Are you buying a light therapy device for someone else? It is great that you want to help that person, no matter who it is. But you can do even more!
We are talking about diseases of the brain here. The brain is where the bright light works – and it is also where you can be useful yourself. You have probably heard of the placebo effect: the reaction of a patient’s physiological processes to the mere fact that he or she is being treated. However, you might not be aware of how strong such an effect can be.
I know how exhausting it is to take care of someone, so I will not bother you with all the science behind it. However, you may check some charts like those in this study showing that many treatments prove to be less effective or even not effective at all without the subject knowing about the treatment. This effect is famous regarding treatment for pain but it exists in almost all medical problems. For instance, placebo can reduce mortality in diseases of the heart and much improve sleep, stress, mood, or other symptoms of Parkinson’s disease, including tremors. In these cases, placebo often results in 50% or more of the effect which pharmacological treatment offers.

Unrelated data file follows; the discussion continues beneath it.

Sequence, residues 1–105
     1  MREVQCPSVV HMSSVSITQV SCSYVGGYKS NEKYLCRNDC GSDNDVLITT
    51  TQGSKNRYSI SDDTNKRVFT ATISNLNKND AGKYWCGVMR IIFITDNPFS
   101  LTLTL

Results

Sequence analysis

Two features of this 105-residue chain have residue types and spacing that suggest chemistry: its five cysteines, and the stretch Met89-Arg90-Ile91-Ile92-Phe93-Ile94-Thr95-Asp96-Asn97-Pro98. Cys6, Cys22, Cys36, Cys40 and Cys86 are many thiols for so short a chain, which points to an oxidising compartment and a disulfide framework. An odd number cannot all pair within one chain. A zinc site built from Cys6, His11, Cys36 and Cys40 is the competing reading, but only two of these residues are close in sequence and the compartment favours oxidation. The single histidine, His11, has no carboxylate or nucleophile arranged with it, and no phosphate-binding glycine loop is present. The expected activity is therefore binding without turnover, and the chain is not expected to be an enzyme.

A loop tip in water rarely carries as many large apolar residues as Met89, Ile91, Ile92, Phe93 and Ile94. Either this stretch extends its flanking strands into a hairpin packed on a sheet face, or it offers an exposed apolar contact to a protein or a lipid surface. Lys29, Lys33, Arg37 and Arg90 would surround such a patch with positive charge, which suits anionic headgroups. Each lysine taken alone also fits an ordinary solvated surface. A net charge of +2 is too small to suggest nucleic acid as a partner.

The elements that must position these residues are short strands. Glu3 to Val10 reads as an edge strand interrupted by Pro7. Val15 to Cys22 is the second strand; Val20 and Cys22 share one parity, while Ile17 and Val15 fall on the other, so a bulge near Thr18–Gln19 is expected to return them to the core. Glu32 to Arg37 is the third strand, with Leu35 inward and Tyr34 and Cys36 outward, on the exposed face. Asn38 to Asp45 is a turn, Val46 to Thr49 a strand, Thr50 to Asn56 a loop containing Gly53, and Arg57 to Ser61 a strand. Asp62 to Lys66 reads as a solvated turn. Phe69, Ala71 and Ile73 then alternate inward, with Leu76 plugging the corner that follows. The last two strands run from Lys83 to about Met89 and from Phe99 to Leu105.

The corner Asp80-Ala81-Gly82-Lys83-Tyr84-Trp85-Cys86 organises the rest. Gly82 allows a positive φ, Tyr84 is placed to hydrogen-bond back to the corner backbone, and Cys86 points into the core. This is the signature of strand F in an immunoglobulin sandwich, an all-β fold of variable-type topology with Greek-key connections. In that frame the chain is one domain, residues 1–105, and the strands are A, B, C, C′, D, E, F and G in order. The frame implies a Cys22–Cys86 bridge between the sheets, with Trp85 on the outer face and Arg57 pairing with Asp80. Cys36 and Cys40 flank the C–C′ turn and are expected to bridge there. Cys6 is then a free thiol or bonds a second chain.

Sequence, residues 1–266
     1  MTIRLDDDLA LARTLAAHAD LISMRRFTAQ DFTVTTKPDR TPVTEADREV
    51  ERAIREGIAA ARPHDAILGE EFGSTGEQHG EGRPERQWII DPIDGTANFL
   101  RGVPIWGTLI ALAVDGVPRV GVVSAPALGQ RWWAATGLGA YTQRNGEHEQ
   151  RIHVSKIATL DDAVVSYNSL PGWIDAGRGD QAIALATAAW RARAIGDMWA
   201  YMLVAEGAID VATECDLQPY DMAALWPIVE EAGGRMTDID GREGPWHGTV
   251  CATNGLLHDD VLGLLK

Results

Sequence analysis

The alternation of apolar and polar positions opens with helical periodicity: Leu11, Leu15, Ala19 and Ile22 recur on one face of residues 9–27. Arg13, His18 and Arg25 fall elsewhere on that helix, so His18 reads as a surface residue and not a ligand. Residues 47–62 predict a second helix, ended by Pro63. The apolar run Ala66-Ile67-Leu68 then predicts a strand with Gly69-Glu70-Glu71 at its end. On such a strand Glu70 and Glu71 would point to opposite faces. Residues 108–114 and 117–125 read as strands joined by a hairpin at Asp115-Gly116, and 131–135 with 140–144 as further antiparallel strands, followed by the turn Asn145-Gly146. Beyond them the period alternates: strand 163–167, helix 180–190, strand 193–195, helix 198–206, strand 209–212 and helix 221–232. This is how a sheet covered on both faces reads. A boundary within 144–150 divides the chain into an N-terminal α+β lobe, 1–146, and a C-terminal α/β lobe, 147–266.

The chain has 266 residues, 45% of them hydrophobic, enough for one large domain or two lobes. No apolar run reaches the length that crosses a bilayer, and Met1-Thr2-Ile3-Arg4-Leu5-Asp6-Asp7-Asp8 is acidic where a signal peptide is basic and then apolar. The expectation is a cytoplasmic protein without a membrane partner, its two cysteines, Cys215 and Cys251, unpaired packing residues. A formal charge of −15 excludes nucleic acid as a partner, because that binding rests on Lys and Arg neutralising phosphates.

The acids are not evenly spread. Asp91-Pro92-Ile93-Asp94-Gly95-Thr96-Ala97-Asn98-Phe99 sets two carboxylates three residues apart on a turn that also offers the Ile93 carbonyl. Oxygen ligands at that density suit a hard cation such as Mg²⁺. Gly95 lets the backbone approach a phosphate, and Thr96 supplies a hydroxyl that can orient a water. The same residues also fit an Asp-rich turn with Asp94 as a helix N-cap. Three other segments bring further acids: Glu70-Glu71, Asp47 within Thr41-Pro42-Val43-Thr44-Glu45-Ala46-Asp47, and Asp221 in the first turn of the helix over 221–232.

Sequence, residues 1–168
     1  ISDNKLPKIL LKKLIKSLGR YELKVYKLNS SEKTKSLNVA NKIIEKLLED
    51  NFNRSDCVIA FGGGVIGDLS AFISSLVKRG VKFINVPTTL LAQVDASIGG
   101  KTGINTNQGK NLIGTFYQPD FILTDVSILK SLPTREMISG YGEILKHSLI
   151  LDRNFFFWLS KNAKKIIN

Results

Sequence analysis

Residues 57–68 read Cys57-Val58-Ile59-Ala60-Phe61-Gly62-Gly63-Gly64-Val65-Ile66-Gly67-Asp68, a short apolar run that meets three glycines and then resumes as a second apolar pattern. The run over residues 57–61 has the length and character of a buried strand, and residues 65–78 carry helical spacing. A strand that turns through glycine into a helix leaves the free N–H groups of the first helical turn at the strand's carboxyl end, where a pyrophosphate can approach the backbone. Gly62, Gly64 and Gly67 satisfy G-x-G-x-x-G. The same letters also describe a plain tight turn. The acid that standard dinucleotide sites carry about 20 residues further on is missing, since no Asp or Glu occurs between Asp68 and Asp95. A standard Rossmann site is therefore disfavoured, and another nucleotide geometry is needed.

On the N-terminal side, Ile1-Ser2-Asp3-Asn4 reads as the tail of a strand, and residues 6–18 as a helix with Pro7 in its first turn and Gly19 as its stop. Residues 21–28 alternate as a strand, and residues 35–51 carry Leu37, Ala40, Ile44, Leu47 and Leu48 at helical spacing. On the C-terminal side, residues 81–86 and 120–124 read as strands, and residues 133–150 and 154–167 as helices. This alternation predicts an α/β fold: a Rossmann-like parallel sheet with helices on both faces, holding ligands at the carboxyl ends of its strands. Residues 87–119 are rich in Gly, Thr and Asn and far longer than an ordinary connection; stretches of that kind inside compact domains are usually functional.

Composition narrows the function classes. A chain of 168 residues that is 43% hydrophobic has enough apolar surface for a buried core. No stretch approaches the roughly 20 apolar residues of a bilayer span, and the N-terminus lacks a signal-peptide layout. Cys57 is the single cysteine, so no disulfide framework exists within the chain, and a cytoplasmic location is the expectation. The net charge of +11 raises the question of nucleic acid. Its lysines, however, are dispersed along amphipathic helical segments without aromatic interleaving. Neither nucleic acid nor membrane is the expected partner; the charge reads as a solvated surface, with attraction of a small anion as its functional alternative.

My favourite demonstration was presented in 2004 when a group of scientists from the US and Germany compared results from Parkinsonian patients undergoing either announced but faked surgery or real surgical treatment disguised as a fake operation. Surprisingly, those thinking they were helped improved more than those who truly received a transplant but did not know about it.
Of course, when giving advice about lamps, I cannot exaggerate their efficiency. If you are in a position where it would be ethical to use placebo, do it! Make it a bit of theatre play, promise your loved one that you will bring a very potent device even before you actually buy it. Read a bit on the neural mechanisms, even just a few articles during a coffee break, and explain how significantly the lamps affect the brain. Make it a story because that’s what people, especially suffering people, listen and respond to.
Don’t lie: in fact, the effect may be minimal in a particular patient and it would be unfair to make them feel disappointed. Instead, highlight that it is supposed to work and that you are personally sure you will see some improvement, even though you know of cases described in the literature where an effect was not observed. Create expectations; after a couple of weeks, ask the person if they feel even slightly improved. Often, they’ll have something to tell you!
No matter how bizarre it may seem, such mechanisms are why homeopathic medicine or acupuncture work – they have many clients who have been greatly improved even without the slightest physiological treatment. Human brains need consistency and if reality does not meet our expectations, the brain will do its best to improve our reality itself. This includes influencing our endocrine and cardiac activity, immune functions, and, of course, the chemical balances between its own neurons. These effects are especially strong in disorders heavily influenced by the dopaminergic system of the brain such as Parkinson’s and depression.
Lamps are a great choice so give placebo a try and exploit the body-mind mechanisms, too!